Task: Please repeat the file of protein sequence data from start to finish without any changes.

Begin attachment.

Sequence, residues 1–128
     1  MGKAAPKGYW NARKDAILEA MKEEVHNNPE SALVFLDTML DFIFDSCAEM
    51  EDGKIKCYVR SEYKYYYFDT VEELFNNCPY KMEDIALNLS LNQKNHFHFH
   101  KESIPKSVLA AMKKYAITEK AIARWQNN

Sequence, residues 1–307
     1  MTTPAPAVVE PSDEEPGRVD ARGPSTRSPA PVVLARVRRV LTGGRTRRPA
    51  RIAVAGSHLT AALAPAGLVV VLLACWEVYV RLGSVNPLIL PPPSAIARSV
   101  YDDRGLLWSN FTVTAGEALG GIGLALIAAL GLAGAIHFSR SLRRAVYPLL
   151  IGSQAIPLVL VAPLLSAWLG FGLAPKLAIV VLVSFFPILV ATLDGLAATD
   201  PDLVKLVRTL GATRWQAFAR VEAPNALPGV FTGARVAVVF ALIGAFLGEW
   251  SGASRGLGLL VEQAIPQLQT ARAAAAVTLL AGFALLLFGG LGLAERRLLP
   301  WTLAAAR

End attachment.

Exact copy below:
Sequence, residues 1–128
     1  MGKAAPKGYW NARKDAILEA MKEEVHNNPE SALVFLDTML DFIFDSCAEM
    51  EDGKIKCYVR SEYKYYYFDT VEELFNNCPY KMEDIALNLS LNQKNHFHFH
   101  KESIPKSVLA AMKKYAITEK AIARWQNN

Sequence, residues 1–307
     1  MTTPAPAVVE PSDEEPGRVD ARGPSTRSPA PVVLARVRRV LTGGRTRRPA
    51  RIAVAGSHLT AALAPAGLVV VLLACWEVYV RLGSVNPLIL PPPSAIARSV
   101  YDDRGLLWSN FTVTAGEALG GIGLALIAAL GLAGAIHFSR SLRRAVYPLL
   151  IGSQAIPLVL VAPLLSAWLG FGLAPKLAIV VLVSFFPILV ATLDGLAATD
   201  PDLVKLVRTL GATRWQAFAR VEAPNALPGV FTGARVAVVF ALIGAFLGEW
   251  SGASRGLGLL VEQAIPQLQT ARAAAAVTLL AGFALLLFGG LGLAERRLLP
   301  WTLAAAR